From Vatican Radio:
The last Christian families still present in Mosul are leaving the city and are heading towards Iraqi Kurdistan.
The exodus was caused by the proclamation on Thursday by the self-proclaimed Islamic Caliphate that Christians must pay a special tax or be killed. Islamists have for the past two days been marking the doors of homes belonging to Christians and Shia Muslims living in the city.
And from the New York Times:
As the Christians leave Mosul, ISIS has painted the Arabic letter that means “Nasrani,” from Nazrene, a word often used to refer to Christians, on their homes. Next to the letter, in black, are the words: “Property of the Islamic State of Iraq.”
The militants have also told Muslims who rent property from Christians that they no longer need to pay rent, said a businessman who rents from a Christian. The landlord now lives in Lebanon.
Many Christians interviewed expressed a sense of utter abandonment and desolation as well as a recognition that the sound of church bells mingled with the Muslim calls to prayer, the ultimate symbol of Mosul’s tolerance, would likely never be heard again.
After the "Angelus" today, Pope Francis addressed the Christian communities of Mosul:
Carissimi fratelli e sorelle tanto perseguitati, io so quanto soffrite, io so che siete spogliati di tutto. Sono con voi nella fede in Colui che ha vinto il male! E a voi, qui in piazza e a quanti ci seguono per mezzo della televisione, rivolgo l’invito a ricordare nella preghiera queste comunità cristiane.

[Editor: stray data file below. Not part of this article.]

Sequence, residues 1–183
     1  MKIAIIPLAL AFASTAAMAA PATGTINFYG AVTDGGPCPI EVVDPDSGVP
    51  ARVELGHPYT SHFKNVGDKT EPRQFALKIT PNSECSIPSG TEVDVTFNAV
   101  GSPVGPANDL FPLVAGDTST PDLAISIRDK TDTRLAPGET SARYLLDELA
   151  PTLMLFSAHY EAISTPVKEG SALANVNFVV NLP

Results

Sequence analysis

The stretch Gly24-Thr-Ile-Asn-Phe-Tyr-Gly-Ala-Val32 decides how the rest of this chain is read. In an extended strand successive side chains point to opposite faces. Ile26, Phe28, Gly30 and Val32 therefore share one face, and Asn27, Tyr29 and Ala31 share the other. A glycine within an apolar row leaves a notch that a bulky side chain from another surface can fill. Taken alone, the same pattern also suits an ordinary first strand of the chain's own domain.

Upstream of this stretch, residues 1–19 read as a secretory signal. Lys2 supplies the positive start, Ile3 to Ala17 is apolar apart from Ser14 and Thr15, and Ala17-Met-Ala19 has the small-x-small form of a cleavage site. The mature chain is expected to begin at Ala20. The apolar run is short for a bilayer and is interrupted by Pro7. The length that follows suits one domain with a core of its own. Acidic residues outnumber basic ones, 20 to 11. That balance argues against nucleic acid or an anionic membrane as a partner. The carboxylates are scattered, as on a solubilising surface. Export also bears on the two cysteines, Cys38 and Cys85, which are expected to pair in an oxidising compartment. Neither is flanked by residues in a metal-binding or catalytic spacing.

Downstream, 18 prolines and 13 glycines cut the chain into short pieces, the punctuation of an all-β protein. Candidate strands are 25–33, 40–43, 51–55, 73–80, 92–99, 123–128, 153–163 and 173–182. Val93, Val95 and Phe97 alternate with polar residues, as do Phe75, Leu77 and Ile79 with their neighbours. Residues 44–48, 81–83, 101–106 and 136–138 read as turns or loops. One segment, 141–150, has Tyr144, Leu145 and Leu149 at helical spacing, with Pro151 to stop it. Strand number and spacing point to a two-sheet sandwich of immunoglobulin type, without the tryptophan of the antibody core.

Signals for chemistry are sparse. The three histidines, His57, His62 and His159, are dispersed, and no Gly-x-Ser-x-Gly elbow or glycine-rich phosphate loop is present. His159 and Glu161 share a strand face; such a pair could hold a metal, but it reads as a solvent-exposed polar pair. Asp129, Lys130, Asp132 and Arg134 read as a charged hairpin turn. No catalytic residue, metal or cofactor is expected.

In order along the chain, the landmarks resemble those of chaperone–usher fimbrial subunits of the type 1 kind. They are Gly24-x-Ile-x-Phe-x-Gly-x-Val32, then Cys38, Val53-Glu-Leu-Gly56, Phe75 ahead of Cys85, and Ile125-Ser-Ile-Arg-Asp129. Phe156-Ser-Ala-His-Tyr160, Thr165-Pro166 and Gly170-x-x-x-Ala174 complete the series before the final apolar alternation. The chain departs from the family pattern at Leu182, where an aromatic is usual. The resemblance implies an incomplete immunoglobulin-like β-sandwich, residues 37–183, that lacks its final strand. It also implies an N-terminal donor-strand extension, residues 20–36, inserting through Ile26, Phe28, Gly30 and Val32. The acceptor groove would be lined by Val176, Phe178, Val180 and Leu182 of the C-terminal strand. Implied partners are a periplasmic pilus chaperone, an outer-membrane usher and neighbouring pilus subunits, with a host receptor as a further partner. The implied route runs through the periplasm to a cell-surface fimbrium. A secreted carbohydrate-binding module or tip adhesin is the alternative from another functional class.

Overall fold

Dearest brothers and sisters, so persecuted, I know how much you are suffering; I know you are stripped of everything. I am with you in faith in Him who has conquered evil! And to you present in this Piazza and to those who follow by means of television, I invite your prayers for these Christian communities.
Update-2 (from L'Osservatore Romano):
On Sunday afternoon, the jihadist militants seized the ancient monastery of Mar Behnam, located 10 minutes from the city of Qaraqosh, which is mostly Christian. Until Saturday the monastery was managed by Syro-Catholic monks. “The international community”, said Fr Nizar Semaan, a colleague of Archbishop Yohanna Petros Moshe of Mossul for Syrians, “is disturbingly passive in the face of what is happening. Concrete measures are necessary on the humanitarian and political level”.
In an open letter addressed to “all men of good will and to those who are concerned about the nation of Iraq”, the Patriarch Louis Raphaël Sako i of Babylon for Chaldeans recalls that recent acts of violence are contrary to the Quran and damage the great common history of commitment of all Iraqis for the country.